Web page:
Cell-shading in Sam & Max pretty please!

edited May 2006 in Sam & Max
One of the first things that struck me when I first saw the old movies from the now cancelled Sam & Max, was how horribly bulbous and clumsy the 3D lit characters looked.

It is nearly impossible to do a good-looking extrusion of a character designed for 2D (or even 2.5D like Sam & Max), to a 3 dimensional model.
The design will almost always lose all of its lightness and springiness.
Therefore I plea you Telltale Games artists: By all means, make the characters in the new Sam & Max game 3d, BUT cell/toon shade them!

Comments

  • Options
    edited April 2006
    Hmm... I actually really liked the animation and graphics of the trailer shown. They were very crisp and clean, and to me stayed true to the previous game.

    Cel-Shading in S&M, to me, would ruin the experience. There are very few games that have pulled off Cel-Shading to it's potential, and I feel that animating Sam and Max in that way is not doing it justice.

    Hopefully this starts some sort of heated debate that results in my ban and people throwing rocks at me. Flat ones preferrably, so I don't have to spend time looking for skipping stones.
  • Options
    edited April 2006
    I really liked the look of the original game, cell shading is not a good idea (it's hard to pull off and often looks quite awful), if you want a 2Dish look then use 2D. Otherwise pure 3D is the way to go with a 3D game.
  • Options
    edited April 2006
    If done right, cell-shading can look really good. Just look at Zelda WW and Jet Set Radio for evidence of that.

    It will never be a substitute for real hand drawn animation, but it does provide a welcome alternative to the heavy looking "realityshading", and really holds the potential to be a style within itself and not just an emulation of hand drawn stuff.

    The traditional 2D squash'n stretch, overly expressive animation style, just looks *so* wrong when applied to 3D.

    I would be really delighted if the Sam & Max team would share their thoughts on this.
  • Options
    edited April 2006
    Sure Zelda WW looks pretty good, but i can't imagine that style of cell shading looking very good on Sam & Max at all.
  • edited April 2006
    You have a poor imagination then, because I can imagine them looking like a cubist painting and absolutely rocking the world of art as we know it.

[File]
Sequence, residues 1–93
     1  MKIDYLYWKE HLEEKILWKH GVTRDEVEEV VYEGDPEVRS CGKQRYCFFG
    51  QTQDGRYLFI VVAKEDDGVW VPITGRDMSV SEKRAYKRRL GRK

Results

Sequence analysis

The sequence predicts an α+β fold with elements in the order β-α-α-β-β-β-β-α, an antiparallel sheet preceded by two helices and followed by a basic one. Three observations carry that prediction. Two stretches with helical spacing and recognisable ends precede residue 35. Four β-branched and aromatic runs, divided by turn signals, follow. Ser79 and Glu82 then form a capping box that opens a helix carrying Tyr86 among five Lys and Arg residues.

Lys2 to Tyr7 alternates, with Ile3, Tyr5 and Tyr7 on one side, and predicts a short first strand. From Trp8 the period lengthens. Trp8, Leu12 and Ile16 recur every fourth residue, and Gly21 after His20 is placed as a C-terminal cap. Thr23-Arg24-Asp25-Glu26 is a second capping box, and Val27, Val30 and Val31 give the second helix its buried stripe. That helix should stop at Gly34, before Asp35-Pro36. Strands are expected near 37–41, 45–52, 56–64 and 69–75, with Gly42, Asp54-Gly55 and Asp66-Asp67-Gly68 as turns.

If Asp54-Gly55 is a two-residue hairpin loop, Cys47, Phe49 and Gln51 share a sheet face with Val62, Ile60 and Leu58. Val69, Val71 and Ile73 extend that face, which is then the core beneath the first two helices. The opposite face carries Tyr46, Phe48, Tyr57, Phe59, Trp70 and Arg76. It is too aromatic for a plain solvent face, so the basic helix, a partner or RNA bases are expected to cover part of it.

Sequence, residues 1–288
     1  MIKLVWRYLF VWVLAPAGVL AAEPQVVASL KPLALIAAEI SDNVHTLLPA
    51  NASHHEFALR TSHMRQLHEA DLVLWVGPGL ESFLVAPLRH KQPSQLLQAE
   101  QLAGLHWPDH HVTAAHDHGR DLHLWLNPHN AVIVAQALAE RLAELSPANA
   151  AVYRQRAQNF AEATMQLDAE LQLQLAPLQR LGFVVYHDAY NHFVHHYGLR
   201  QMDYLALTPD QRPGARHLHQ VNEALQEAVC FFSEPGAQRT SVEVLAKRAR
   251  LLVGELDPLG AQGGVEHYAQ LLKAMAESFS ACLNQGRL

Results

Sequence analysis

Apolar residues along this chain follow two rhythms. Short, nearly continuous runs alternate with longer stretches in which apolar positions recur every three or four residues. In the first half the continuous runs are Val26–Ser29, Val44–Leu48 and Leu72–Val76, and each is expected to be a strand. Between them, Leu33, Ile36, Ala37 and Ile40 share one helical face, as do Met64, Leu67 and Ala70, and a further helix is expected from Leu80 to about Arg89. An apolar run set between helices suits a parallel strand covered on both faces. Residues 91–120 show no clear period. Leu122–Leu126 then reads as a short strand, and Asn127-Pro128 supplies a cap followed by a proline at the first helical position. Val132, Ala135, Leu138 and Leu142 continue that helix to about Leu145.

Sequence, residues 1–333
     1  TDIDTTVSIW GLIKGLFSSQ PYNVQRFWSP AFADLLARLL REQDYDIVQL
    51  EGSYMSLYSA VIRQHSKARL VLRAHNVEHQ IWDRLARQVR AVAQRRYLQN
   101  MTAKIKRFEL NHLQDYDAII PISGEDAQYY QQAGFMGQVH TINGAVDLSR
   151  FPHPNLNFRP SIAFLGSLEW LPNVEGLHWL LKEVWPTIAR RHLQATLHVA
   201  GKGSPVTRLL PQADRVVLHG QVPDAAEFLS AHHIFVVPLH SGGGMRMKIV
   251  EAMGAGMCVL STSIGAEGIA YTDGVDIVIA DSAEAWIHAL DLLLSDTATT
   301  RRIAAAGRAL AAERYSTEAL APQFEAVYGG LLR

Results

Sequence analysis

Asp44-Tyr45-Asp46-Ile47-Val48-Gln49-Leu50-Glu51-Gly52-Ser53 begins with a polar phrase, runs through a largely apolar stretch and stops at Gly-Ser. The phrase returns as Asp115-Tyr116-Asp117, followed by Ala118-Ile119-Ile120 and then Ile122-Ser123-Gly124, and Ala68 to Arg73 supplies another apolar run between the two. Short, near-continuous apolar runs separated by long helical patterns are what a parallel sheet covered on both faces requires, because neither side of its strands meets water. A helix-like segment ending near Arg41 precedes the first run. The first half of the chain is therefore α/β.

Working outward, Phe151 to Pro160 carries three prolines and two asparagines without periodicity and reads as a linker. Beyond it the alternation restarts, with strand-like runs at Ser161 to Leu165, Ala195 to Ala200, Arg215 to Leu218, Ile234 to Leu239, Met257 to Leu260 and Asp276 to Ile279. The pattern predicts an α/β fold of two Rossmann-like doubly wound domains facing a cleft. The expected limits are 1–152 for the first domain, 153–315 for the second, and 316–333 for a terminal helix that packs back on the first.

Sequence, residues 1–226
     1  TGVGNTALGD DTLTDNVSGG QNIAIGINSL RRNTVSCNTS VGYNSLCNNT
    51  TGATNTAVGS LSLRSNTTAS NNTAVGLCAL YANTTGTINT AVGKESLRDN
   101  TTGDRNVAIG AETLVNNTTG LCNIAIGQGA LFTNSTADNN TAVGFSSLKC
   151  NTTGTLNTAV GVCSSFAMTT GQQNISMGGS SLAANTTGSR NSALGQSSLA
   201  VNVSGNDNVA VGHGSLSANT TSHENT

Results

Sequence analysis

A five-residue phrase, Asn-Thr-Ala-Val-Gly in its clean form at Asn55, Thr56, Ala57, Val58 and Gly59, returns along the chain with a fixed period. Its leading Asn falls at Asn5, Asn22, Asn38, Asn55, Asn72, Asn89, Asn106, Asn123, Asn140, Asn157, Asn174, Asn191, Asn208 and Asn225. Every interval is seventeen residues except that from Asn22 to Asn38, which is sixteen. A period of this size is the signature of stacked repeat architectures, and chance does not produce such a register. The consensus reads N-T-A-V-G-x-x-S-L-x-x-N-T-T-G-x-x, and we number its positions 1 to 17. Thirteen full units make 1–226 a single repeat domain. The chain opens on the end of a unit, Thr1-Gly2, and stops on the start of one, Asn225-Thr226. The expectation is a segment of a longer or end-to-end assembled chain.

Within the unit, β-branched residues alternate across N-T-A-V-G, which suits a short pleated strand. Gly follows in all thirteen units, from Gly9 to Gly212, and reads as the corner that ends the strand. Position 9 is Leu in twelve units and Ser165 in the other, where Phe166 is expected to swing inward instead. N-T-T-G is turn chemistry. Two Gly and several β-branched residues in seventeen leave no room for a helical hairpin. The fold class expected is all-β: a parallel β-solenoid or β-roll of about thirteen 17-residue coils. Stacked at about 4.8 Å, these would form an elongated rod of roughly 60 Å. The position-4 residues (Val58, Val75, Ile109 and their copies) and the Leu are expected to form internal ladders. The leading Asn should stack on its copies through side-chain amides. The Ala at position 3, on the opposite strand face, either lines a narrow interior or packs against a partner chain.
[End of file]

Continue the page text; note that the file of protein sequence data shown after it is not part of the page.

• edited April 2006
    I don't know if cel-shading them would have made much difference to them in the trailers. They'd be the same except with great big outlines wouldn't they? I think they would do best in simple clean 3d. Like Bone! Hey, what a coincidence!
  • Options
    edited April 2006
    There are several known 'problems' with cell shading-

    1) creating real time cell shading is quite costy, in terms of computer power.
    2) they tend to match more to the 'japanimation' (a.k.a. Manga) style, which as I recall is quite far from purcell's artistic style.
    3) they tend to create artefacts when generated in real-time, which does not match the artistic style of the game.
    4) it is hard (very hard) to match a 'non cell-shaded' 3d environment to 'cell-shaded' characters.
  • edited April 2006
    I think the bottom line is that Sam and max isn't really a cartoony sort of game. The world in the comics is fairly normal looking but happens to have a 6 foot dog detective and a a hyperkinetic rabbity thingy wandering about which nobody thinks is strange. If you get too comicy it ruins the Sam-and-Max-osity of it all. Know what I'm saying? No? Well, I can't be bothered trying to explain it any better.
  • Options
    edited April 2006
    Have you actually read the comics?! The style is very cartoony (in Mr Purcells own distinct way). The setting is something that does resemble the real world, but the style is very stylized.

    The way the two main characters is designed really doesn't lend itself to 3d. You can take a lot of freedoms in designing a 2d character that just won't translate well to 3d.
  • Options
    edited April 2006